Online content creation shows no signs of slowing down in 2013. Many companies planned to increase spending on content marketing this year, and who can blame them? Content marketing has a long history and, in digital times, cutting-edge significance.
After all, content is the cornerstone of your online presence. It’s the stuff visitors usually flock to the internet to consume, and if it’s created well enough, it will have visitors coming back for more.
Your presence online matters a lot in 2013. Active internet use continues to increase, encompassing huge segments of the population. 67 percent of adult internet users in the United States use social media. (And that figure hops to around 80 percent if you’re counting internet users younger than the age of 50). Even demographics once resistant to the internet are beginning to check email!
Increased interest in content-driven marketing tactics have meant that staggering amounts of online content is being produced, sometimes by companies and individuals that have never tried to be a publisher before.
What will that mean for online content creation throughout the rest of 2013 and beyond? Here are a few of my predictions.
In-depth content with longer word counts
Online, a lot of content creation trends toward brevity. 500-word blog posts.140-character status snippets. Videos under five minutes. Basically, formats that suggest: Get to the point; the visitor is about to leave.
But it turns out people don’t solely want short stuff. On the contrary, in-depth content tends to get more love in the form of links, “likes,” and social shares.
I am not saying writers will avoid succinct writing. Long content can be tight and precise. You just need plenty of substantive material to create it.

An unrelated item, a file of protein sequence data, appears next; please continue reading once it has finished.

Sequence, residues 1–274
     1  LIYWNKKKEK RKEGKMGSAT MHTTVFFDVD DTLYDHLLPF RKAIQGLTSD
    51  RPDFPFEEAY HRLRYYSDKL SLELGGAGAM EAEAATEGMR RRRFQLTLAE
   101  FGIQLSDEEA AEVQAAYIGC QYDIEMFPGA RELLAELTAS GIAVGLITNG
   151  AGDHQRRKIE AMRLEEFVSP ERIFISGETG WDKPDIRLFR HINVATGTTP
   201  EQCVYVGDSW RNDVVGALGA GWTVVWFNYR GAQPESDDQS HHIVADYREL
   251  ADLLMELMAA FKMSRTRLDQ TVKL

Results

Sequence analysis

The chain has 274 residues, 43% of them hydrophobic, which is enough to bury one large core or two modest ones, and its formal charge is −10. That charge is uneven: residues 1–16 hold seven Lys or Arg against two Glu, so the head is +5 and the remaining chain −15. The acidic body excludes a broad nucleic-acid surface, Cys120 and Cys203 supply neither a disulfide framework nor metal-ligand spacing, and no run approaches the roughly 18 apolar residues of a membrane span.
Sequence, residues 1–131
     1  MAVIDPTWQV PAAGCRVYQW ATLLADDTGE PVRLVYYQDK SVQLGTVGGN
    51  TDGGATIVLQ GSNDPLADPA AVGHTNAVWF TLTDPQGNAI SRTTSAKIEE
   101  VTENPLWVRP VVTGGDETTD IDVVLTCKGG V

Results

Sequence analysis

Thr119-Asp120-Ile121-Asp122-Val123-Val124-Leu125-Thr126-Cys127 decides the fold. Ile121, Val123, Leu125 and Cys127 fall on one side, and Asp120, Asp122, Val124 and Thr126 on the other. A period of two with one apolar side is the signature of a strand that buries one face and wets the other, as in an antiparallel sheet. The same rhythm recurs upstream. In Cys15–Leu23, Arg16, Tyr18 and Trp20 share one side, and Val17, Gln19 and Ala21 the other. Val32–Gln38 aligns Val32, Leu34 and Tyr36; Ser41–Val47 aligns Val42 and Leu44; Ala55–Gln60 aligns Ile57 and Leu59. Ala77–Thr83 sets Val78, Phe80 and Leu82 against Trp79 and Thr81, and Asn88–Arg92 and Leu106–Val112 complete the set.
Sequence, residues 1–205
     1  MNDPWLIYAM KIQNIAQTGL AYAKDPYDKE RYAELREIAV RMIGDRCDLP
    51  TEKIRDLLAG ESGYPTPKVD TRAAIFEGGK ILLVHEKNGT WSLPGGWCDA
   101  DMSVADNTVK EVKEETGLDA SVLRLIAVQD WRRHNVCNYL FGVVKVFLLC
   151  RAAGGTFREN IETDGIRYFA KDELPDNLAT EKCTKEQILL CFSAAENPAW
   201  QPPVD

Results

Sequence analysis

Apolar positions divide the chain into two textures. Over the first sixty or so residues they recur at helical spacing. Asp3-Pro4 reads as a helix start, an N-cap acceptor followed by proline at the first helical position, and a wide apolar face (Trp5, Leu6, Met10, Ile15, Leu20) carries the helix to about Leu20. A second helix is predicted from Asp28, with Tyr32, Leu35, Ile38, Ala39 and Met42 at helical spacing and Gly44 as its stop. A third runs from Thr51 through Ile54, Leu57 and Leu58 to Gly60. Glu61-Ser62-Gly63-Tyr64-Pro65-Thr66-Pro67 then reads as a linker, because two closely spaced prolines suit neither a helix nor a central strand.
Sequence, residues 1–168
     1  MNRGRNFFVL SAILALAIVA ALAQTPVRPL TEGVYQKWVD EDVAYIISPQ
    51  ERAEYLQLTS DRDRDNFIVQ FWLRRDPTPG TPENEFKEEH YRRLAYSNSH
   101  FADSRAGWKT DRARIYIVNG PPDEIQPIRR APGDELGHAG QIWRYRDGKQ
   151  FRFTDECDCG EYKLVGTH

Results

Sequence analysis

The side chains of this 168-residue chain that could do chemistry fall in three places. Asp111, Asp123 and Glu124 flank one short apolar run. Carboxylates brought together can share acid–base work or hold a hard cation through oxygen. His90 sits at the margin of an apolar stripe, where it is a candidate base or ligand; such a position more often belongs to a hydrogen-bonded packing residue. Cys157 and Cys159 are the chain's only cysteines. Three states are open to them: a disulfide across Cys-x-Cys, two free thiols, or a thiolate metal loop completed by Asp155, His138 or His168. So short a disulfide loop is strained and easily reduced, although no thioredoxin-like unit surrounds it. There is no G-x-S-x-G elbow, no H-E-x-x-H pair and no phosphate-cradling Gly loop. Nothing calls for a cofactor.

I also don’t believe that short content will fall by the wayside. In broad terms, producing fewer words can suit how internet users read, and not all audiences want to read 1,000+ words on a topic.
But overall I do think long-form, thoughtful contributions will be newly appreciated throughout this year and beyond. They will really stand out against all the thin contributions designed primarily to satiate Google’s hunger for fresh content.
Innovative micro content
While short stuff can be a culmination of laziness and haste, other times it’s a flash of carefully consolidated ideas whittled down to their best elements.
There are plenty of platforms designed to show off minimalist flair and some are attracting an audience. For example, more than 100,000 Vine videos were posted last month, which isn’t shabby when you consider the service had only been available for about three weeks.
When you give creative minds boundaries, it’s remarkable what they can create. Just have a look at something like Six Word Stories to see it in action.
I think we’re going to see a lot of interesting developments that appeal to some web users’ desire for snappy content while also revealing deep substance and creativity.
Pushing existing networks to bring in the new
With the web awash in content, it’s more difficult to get noticed, so many content creators will have to use existing platforms in interesting ways.